The Chinese apps gave Chinese companies access to millions of Indian citizens’ personal data. This has to be viewed in light of China’s problematic National Intelligence Act, 2017 (NIA act). Article 7 of the act creates a legal obligation on Chinese corporations to assist their intelligence services whenever asked for. Further Article 9, makes provisions for providing incentives for companies which contribute to national intelligence efforts. The access to millions of Indians’ data together with the provisions of the NIA act clearly indicates that India is vulnerable to the unauthorized use of Indian citizen’s data by China. Moreover, in a world where access to a country’s citizens’ data can be used to sway elections, protecting citizen’s data from external threats becomes an ‘Essential Security Interest’.
The last phase of the test requires India to prove that the measure was not ‘so remote from, or unrelated to’, the India-China standoff, that it is implausible that the measure was introduced to protect India’s essential security interests. As discussed above, the app ban was effected keeping in mind the possibility of China’s unauthorized use of Indian citizens’ data. Therefore, efforts made by India to restrict the Chinese state’s access to India’s datastore is a plausible measure to ensure that India’s security is protected.
Hence, India is likely to successfully argue that the ban was done to protect its essential security interests.
Viability of seeking an exception under Article XIV(c)(ii)
Article XIV(c)(iii) allows a country to flout any of their GATS obligations, if it is done to secure compliance with privacy and data protection laws of the member-country, given that such measure is not arbitrary or discriminatory towards particular member(s). Under this article a two-tiered analysis is followed – i) whether the measure falls within the scope of one of the subparagraphs of Article XIV ii) does it fulfil the requirement of the chapeau of Article XIV (Chapeau Test).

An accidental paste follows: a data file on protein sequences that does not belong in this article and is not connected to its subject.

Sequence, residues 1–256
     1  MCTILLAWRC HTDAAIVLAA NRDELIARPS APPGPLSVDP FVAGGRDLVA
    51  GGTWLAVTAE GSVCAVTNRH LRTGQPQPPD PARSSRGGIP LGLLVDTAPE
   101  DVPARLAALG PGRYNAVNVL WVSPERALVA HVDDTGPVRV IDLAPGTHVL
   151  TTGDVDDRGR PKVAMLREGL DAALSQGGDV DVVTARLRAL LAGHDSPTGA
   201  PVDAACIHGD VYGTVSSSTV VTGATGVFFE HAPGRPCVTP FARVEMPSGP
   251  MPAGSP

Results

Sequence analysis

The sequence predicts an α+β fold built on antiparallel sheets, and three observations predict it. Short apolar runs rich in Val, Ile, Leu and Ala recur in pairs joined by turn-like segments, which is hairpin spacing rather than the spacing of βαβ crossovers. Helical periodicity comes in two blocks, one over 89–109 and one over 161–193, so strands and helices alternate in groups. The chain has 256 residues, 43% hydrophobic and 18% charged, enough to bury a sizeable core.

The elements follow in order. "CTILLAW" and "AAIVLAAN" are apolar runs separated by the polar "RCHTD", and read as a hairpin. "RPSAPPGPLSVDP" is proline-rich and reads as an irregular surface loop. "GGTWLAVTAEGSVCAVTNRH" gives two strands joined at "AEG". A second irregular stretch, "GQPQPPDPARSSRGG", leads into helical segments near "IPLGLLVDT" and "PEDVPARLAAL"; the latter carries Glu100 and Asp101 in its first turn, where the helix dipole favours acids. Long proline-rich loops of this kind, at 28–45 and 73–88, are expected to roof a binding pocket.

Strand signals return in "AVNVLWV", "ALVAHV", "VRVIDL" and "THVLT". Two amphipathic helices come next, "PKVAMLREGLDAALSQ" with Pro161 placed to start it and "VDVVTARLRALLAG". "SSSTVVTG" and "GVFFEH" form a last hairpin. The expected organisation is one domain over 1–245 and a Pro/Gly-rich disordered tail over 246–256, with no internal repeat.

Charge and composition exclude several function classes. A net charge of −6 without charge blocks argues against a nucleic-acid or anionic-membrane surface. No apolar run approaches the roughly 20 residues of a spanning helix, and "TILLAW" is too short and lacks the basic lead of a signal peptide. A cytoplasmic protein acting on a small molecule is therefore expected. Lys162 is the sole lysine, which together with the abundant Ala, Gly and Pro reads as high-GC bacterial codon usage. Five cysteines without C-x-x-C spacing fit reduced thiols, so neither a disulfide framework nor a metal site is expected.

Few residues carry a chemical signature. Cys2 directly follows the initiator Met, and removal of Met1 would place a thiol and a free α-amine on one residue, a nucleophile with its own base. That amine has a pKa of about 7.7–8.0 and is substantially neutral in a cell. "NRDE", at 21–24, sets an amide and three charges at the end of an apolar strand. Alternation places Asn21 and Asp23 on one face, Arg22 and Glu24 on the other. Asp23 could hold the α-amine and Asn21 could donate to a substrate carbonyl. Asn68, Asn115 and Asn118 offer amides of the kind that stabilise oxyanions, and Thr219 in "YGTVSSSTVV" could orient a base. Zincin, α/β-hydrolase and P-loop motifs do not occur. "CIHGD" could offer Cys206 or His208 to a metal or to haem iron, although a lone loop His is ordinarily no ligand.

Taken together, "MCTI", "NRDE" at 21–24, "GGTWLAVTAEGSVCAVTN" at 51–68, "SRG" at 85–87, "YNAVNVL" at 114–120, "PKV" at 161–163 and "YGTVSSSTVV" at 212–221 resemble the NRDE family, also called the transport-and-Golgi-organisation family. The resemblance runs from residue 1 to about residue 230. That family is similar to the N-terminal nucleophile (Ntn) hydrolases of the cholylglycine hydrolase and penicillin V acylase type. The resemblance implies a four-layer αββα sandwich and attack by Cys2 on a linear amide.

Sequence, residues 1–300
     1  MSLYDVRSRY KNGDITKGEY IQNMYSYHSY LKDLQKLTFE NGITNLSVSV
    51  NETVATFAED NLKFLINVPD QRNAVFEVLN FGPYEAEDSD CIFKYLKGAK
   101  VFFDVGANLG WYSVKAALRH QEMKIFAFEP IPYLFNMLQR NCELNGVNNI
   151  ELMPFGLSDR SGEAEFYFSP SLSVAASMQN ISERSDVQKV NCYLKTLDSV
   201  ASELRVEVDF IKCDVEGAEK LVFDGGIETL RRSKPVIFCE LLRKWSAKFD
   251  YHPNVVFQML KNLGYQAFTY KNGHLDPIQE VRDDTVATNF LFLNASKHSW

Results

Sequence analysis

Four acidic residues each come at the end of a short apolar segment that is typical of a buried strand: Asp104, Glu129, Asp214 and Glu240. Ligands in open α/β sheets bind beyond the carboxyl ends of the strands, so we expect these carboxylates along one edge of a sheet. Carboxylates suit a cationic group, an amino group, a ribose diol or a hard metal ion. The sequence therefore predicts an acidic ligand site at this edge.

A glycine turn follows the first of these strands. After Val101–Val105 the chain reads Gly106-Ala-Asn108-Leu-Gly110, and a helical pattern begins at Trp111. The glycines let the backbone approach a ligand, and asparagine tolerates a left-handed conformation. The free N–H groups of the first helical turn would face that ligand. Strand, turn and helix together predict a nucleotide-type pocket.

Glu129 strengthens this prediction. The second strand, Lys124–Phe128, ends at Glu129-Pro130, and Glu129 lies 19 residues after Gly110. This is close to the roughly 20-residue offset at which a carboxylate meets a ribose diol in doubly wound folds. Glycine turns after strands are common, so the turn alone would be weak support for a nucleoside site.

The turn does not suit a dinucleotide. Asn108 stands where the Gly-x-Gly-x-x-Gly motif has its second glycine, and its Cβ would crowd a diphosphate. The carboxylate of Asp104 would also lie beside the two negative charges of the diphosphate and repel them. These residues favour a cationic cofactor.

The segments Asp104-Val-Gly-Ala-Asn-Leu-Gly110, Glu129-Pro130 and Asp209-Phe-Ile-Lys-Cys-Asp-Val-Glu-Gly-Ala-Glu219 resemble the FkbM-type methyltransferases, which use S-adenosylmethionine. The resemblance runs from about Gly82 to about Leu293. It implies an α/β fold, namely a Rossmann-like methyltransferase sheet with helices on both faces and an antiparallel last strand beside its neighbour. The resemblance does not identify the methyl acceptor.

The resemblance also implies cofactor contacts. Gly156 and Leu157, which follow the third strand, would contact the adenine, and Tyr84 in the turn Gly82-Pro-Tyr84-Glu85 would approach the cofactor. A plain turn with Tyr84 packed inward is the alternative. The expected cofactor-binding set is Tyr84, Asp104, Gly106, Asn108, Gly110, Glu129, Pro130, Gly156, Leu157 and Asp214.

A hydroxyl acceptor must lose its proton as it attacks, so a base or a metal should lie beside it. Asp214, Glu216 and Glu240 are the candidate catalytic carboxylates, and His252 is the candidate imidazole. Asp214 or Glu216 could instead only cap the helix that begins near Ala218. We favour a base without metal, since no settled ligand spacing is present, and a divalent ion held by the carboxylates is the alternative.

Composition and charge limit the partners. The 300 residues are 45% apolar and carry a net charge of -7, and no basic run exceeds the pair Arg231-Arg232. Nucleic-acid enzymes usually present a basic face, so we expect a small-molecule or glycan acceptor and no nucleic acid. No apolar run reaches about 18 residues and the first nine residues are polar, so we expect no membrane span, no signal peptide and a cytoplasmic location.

For the first tier of the test, India will have to show that the measures are designed to secure compliance with the relevant Indian law, that such law is not inconsistent with the GATS and that such measure was ‘necessary’.
For the former most part, the notification makes it clear that the measure is taken to stop unauthorized mining and profiling by the banned apps, thus aiming to secure compliance with provisions of Information Technology Act and Rules. Moreover, a measure explicitly mentioned under article XIV(c) is consistent with GATS. Therefore, the requirement of the second part is also met as measures taken to protect the privacy of individuals finds explicit mention in paragraph (ii) of Article XIV(c).
To show the measure is ‘necessary’ the objective pursued should be important, the measure should significantly contribute to the objective and should outweigh the trade-restrictiveness of the measure. As discussed before protecting the privacy of citizens is an important objective. Moreover, banning the apps ensures that the Chinese state is not able to citizen’s data for nefarious purposes. Also, the objective of the ban outweighs the trade restrictiveness as India has banned only the ones suspected of using data for unauthorized compilation, mining and profiling. Moreover, the measure is only interim and the app owners will be given the opportunity to present their side.
The second tier of the two-tiered analysis requires that the measures should be applied in a manner that is not arbitrary or constitutes unjustifiable discrimination, or a disguised restriction on trade in services.
China might claim that the ban is discriminatory as only Chinese apps were targeted. The US- Gambling case recognizes that instances of non-enforcement might not be related to discriminatory intent. However, in India’s case the prime reason for the non-enforcement on a prima-facie basis to be the estranged India-China relations. A possible counter to this can be that China is the only countries which mandates its companies to contribute data to its national intelligence units, therefore calling for differential treatment. Moreover, similar concerns have been raised by the USA, Australia and Hong Kong. Therefore, India can pass the Chapeau by arguing that discrimination is justifiable.
It is almost certain that India will be able to successfully defend its position under the Security exception. Though, it might face some difficulty in pleading exception under Article XIV(c). But as discussed above, it is not completely impossible to pass the Chapeau test. In the likelihood of a WTO action, India will be able to reasonably defend its position by relying on exceptions under Article XIV(c)(iii) as well as Article XIV bis.
ABOUT THE AUTHOR
Mitali Kshatriya is third-year B.A. LLB(Hons.) student at Dr Ram Manohar Lohiya National Law University, Lucknow. She is interested in areas of international trade law, dispute resolution and technology law.